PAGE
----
Iain Murray gunned a speedy motorboat through the choppy waters of the Hudson River and spoke about the impressive catamarans set to race this weekend in an elite international competition.
They are wing-sailed, carbon-fiber beasts that appear to fly above the water and can reach speeds of nearly 40 miles per hour.
“They like flatter water, but this won’t bother them,” said Mr. Murray, 58, an accomplished skipper from Australia who, as the director of this weekend’s regatta, was on the river on Wednesday to plan the racecourse several hundred yards away from the skyscrapers of Lower Manhattan.
Holding a world-class sailing race, part of the America’s Cup series, off Battery Park City may make for spectacular shoreline viewing, but it is not easy for organizers or racers, who may prefer a location farther offshore with easier winds to navigate and little interference from other boat traffic.
The race poses daunting logistical challenges. There is the harbor traffic — ferries, tugboats, barges and other large vessels that ply the Hudson — that must be diverted, along with a designated area for the more than 700 personal recreational boats expected to anchor for the event.
Then there is the rapid current of the Hudson River as well as effects on the wind by the tall buildings flanking the racecourse, both in Manhattan and on the other side of the river in Jersey City.
All of which complicates the task of timing the races to start precisely at 2 p.m. for live coverage of the regatta on Saturday and Sunday. The competition, officially called the Louis Vuitton America’s Cup World Series, helps promote and determine points for the 35th America’s Cup, to be held in June 2017 in Bermuda.
The cup was held in New York waters from 1870 to 1920, but, after nearly a century, the competition is returning to the city with vastly different boats from those in the earliest races, which featured wide, wooden two-masted schooners.
In comparison, the boats being sailed this weekend resemble spacecrafts.
The six countries competing use nearly identical catamarans, each with a 70-foot-tall solid sail that looks like an airplane wing. The sleek vessels are equipped with L-shaped hydrofoils that let them glide dramatically out of the water.
“The geometry of the boat is measured to the millimeter,” said Mr. Murray, who was docked at Liberty Landing Marina in Jersey City to visit the large white tents sheltering the sailboats.
Inside the tent for Oracle Team USA, which won the most recent America’s Cup, in 2013, workers were wet-sanding the boat’s red rudders like precious stones.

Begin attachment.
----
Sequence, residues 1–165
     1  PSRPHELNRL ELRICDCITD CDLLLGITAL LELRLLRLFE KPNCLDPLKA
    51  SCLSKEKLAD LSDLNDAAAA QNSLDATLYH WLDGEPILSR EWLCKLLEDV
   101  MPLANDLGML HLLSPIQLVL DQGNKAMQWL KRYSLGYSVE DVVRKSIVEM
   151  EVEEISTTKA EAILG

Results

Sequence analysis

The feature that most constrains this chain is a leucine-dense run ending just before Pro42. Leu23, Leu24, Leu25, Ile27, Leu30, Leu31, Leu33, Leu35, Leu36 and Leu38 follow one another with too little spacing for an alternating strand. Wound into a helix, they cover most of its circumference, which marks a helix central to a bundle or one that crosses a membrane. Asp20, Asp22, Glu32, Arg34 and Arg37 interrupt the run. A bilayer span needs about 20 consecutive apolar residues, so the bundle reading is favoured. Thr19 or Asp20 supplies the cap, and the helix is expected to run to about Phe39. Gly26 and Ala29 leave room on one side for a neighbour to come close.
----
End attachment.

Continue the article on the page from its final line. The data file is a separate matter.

In the SoftBank Team Japan tent, Mr. Murray walked between the black catamaran and the sail lying unattached next to it, drumming his fingers on the thin plastic skin, stretched taut over the sail’s strong, light frame.
“It’s the same stuff your meat comes packed in, at the butchers,” he said of the plastic.
These races combine high-tech design with extreme athleticism from crew members in helmets who scramble around the boat, hang off the edge to provide stability and sometimes get washed off.
The sailboats have become YouTube sensations and helped fuel a “stadium sailing” trend: ocean racing staged close to land for better viewing, with enthusiasts using special apps that allow graphics for an enhanced experience.
In their attempt to make sailing both spectator- and television-friendly, organizers say New York has the right audience and setting for news media attention.
The lower Hudson provides an ideal location for stadium setting, say the event’s promoters, who expect more than 20,000 people to gather along the waterfronts of Lower Manhattan and Jersey City to see the races, which will run roughly between Chambers and Rector Streets.
Races have been held near urban areas before, including in San Francisco and Gothenburg, Sweden, but they have never been staged this close to a downtown area.
Organizers have met for months with New York City officials and law enforcement agencies and other parties. Commercial shipping companies have agreed to work around the race times, and a separate lane will be established near the shoreline for ferries and other vessels.
For sailors, a major challenge will be the Hudson’s wind and current conditions. To adapt to the strong tidal current, which during the race will be running south with the outgoing tide, organizers are using heavier anchors and longer chains than usual to secure the race buoys, which are called marks.
As for the air, the canyon of high-rises in Manhattan’s financial district and in Jersey City could negatively affect the all-important wind that is the sailor’s fuel.
Winds from the north or south coming straight up or down river are preferable, and the most likely, given local weather patterns.
But a breeze from the east — and slightly less so, from the west — would become shifty and turbulent as it sifted through the buildings and swept across the racecourse, said Nathan Outteridge, 30, the captain for the Artemis Racing team from Sweden.
“It adds a new element and dimension to it and makes it trickier,” Mr. Outteridge said.
Weather forecasts for Saturday predict a morning wind from the north that by early afternoon will give way to a prevailing ocean breeze from the south. The concern is that the lull during the shift will occur when the races are scheduled to begin at 2 p.m. for the live telecast.
The catamarans need about 10 knots to glide above the water, and races will not begin if the wind is below 5 knots or above 25 knots, Mr. Murray said. (A knot is equivalent to a speed of 1.15 miles per hour.)
To try to run three races of about 20 minutes each, officials will set the course and length just before starting time.
Practice races on Friday will be filmed for use in case conditions on Saturday or Sunday prevent the regatta.
Whatever the conditions, Mr. Murray said, “At the end of the day, even if you have lots of current, or dead cows in the water, the best guys will win.”